The odds are good you occasionally drive by one, even if you have never set foot inside one. Dollar General (NYSE:DG) operates more than 16,700 stores in 46 states and notably targets the smaller markets that bigger rival Walmart (NYSE:WMT) generally shuns. It's also spent the last few years tiptoeing deeper into the consumer staples market, chipping away at Walmart's hold on consumers with a faster and simpler shopping trip thanks to smaller store footprints.
The formula it's following has undoubtedly worked. Dollar General's store count has nearly doubled in just the past 10 years. And while most retailers have been stymied by COVID-19, this discounter's top line grew 24% year over year during the second quarter. Same-store sales improved by nearly 19%.
The second quarter is a microcosm (albeit an accelerated one) of the company's historical success. Dollar General hasn't posted lower revenue in any quarter in over a decade, and operating income growth has been almost as impressively consistent. The stock price has reflected the retailer's growth as well, up more than 800% over the course of the past 10 years.
Now the company is experimenting with higher-income consumers and developing a storefront called popshelf, breaking it out of its relatively narrow focus on lower-income neighborhoods and setting the stage for another decade of incredible growth. In short, the company seems to be doing everything right.
And there's the rub. As perfect as things seem on the surface, Dollar General may be at an "as good as it gets" moment. Ditto for the stock.
Running out of low-hanging fruit
Don't misread the message. Dollar General doesn't face an existential crisis. With 75% of its 16,720 stores found in towns with populations of less than 20,000 -- relatively underserved markets -- Dollar General is here to stay.
Its best high-growth days may be behind it, though. A couple of things lead to this possibility, not the least of which is simple math that ultimately points to saturation.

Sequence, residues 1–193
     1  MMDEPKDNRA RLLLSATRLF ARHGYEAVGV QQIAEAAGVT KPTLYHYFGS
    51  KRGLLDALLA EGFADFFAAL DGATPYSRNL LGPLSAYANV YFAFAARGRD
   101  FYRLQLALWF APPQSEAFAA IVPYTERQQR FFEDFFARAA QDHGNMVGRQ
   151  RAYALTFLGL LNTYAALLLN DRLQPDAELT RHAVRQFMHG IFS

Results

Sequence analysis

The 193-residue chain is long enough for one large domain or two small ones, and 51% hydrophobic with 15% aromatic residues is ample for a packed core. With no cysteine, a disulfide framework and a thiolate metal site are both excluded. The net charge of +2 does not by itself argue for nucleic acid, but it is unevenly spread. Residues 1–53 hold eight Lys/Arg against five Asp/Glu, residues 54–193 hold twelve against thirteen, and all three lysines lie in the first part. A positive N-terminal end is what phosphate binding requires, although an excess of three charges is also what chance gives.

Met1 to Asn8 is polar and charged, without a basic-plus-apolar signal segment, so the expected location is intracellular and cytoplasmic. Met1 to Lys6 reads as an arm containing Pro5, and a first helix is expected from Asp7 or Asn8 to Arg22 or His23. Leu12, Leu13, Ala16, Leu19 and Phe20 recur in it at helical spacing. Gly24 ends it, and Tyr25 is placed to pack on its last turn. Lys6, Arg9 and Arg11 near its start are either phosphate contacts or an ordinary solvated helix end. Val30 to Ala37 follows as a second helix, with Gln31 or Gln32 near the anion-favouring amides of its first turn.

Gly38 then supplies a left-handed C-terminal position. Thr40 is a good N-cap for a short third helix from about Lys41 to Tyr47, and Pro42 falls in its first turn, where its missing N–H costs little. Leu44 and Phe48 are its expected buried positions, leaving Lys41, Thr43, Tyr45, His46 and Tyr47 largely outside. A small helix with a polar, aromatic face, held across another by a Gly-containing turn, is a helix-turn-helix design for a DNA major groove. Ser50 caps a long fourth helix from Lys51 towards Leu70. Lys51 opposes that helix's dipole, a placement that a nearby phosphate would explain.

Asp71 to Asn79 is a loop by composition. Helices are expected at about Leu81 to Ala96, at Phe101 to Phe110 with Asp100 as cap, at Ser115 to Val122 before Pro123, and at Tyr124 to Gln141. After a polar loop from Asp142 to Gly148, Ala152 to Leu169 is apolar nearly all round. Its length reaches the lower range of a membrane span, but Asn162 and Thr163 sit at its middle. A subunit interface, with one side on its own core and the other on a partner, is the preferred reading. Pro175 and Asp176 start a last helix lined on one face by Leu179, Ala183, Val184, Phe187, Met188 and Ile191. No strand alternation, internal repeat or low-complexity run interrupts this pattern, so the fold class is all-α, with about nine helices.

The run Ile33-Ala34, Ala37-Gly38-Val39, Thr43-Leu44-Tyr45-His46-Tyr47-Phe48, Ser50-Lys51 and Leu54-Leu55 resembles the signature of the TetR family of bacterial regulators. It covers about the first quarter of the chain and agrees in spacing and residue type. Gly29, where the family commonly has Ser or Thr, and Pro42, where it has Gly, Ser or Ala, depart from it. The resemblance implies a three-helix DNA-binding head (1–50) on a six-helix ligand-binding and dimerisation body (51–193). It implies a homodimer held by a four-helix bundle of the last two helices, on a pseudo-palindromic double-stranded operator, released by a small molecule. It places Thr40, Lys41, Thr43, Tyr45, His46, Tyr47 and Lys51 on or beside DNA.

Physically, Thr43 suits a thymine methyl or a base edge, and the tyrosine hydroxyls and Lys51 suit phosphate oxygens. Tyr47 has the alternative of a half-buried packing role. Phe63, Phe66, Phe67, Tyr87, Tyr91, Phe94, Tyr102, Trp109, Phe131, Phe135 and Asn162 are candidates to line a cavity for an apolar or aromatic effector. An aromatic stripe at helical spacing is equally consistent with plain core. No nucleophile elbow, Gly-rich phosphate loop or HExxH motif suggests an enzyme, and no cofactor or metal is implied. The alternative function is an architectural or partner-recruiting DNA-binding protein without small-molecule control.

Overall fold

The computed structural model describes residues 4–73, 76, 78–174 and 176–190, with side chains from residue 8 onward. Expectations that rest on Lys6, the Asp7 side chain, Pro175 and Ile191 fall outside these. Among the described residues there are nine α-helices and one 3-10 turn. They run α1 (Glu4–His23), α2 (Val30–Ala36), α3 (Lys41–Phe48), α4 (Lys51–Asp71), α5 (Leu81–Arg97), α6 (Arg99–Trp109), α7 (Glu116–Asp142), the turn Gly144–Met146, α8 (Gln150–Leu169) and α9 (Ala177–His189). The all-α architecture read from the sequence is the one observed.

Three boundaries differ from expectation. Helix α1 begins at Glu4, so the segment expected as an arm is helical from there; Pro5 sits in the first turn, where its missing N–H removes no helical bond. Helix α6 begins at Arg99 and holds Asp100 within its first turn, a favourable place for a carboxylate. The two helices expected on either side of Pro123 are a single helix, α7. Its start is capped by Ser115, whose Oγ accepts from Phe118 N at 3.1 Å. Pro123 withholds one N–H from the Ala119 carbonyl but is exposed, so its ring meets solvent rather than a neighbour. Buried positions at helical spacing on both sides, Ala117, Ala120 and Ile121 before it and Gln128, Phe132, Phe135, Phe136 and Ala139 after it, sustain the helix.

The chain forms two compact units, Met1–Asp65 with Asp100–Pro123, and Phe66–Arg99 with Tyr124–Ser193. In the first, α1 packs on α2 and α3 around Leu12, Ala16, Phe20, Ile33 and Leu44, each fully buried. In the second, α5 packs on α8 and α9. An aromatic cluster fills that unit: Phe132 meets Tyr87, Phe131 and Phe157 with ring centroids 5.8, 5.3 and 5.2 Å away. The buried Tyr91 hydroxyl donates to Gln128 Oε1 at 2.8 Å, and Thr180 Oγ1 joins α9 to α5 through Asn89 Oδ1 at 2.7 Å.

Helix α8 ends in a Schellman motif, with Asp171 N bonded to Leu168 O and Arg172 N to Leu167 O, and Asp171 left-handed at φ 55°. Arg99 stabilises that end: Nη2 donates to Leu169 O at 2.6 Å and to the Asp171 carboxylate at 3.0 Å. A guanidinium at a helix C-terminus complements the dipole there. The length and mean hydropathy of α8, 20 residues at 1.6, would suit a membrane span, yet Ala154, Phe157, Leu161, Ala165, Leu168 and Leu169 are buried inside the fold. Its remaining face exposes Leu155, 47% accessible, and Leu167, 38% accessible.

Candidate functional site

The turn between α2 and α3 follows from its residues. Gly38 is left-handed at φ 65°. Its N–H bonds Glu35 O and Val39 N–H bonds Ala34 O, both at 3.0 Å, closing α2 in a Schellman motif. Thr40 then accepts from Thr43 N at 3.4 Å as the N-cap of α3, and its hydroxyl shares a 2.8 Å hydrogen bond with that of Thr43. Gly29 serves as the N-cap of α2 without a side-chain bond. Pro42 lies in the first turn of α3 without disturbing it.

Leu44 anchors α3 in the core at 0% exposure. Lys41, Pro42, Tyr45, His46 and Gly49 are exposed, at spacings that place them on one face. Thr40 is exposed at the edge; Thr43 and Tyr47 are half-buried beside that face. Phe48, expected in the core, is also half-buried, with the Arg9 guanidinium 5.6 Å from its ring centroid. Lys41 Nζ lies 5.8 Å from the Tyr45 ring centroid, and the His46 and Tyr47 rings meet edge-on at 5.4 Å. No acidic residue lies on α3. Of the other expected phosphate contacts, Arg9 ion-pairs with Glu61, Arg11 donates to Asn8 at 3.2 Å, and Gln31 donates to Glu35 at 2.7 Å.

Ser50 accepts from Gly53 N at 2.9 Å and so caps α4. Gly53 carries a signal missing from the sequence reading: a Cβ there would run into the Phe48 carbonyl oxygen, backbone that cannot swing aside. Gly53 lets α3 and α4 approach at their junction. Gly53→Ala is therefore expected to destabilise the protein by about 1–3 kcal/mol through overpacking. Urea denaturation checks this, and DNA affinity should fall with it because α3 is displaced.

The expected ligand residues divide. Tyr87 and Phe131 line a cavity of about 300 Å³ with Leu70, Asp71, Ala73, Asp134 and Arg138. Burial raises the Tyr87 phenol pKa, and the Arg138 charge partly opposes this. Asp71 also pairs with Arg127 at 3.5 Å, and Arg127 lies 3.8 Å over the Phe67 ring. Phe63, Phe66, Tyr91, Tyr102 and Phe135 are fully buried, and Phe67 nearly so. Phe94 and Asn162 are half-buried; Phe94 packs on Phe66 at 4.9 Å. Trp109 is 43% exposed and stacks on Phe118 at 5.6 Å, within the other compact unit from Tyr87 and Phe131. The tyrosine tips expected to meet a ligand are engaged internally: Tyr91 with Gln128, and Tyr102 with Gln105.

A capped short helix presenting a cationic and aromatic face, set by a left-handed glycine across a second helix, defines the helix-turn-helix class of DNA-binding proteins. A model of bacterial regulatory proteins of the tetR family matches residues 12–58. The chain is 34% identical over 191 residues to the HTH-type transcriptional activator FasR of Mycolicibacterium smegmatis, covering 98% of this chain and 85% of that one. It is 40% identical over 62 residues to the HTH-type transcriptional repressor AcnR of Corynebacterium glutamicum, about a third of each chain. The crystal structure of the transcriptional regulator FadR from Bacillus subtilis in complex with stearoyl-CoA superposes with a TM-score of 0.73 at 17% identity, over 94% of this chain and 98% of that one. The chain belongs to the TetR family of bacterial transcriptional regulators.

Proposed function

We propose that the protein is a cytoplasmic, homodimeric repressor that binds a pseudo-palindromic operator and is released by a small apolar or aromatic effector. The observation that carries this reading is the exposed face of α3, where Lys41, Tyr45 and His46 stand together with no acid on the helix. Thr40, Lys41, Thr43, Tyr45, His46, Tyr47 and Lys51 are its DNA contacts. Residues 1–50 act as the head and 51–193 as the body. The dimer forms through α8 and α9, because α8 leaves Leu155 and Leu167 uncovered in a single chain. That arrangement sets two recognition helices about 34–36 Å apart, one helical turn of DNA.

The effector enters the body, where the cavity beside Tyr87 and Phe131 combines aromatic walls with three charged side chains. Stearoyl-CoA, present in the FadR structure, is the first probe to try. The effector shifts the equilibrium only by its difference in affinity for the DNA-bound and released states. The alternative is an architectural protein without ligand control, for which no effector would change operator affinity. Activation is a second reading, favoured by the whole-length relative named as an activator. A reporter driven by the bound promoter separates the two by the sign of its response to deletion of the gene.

According to Census Bureau data, as of 2018, there were just under 19,500 incorporated cities or towns within the United States. Only 780 of them boast populations in excess of 50,000 people, which plays into Dollar General's success with smaller communities. But nearly 14,800 of these towns have populations of less than 5,000. That figure falls perhaps at the lower end of areas that can reliably support a Dollar General store. Add in the more than 15,000 stores owned and operated by Dollar Tree (NASDAQ:DLTR) under the same name as well as Family Dollar, and Dollar General and the dollar store industry as a whole may be running out of places to build stores where they enjoy a competitive advantage.
The introduction of popshelf is a seemingly savvy way to combat this potential saturation. In some regards, though, the experiment subtly underscores the notion that saturation is turning into a significant challenge. There's also little assurance that popshelf will be able to recreate the sort of success that the Dollar General brand has enjoyed for years now.
Popshelf will still sell bargain-priced goods like its sister Dollar General, for the record. However, where Dollar General is mostly geared toward consumer staples, popshelf will focus on discretionary products and more affluent shoppers. The company explains that these stores will sell more seasonal goods, home decor, party supplies, health and beauty products, and more to consumers likely to live in households with annual earnings of between $50,000 and $125,000.
The strategy makes sense. But it will not only increasingly pit Dollar General head-to-head against Walmart in more population-packed areas where such incomes are more common, it will also face off with value-minded "fun" stores like Five Below (NASDAQ:FIVE) and Party City (NYSE:PRTY).
Again, Dollar General isn't doomed. There are still pockets of the country that can support new Dollar General stores. Existing stores are still cash cows. Popshelf will eventually find its place.
However, currently priced at 24 times its trailing 12-month earnings and more than 23 times next year's projected bottom line, Dollar General shares are not only priced at the upper end of their historical valuation range, they're priced for the sort of growth that may be tougher to come by than recent buyers expect. Shares of rival Big Lots (NYSE:BIG) aren't valued as richly as Dollar General is, currently trading at only 8.8 times next year's estimated per-share earnings even with comparable growth prospects. Meanwhile, even bigger-but-slower Walmart is cultivating a customer ecosystem that Dollar General can't. Subscription-based Walmart+ offers unlimited free deliveries, and the retailing giant has expanded its e-commerce offerings, added healthcare clinics and health insurance to its services, and is trying out technology service teams that look a lot like Best Buy's Geek Squad.
As long as Dollar General is priced like it is in this current, highly competitive environment, the prospective reward doesn't quite jibe with the risk -- at least for potential new investors.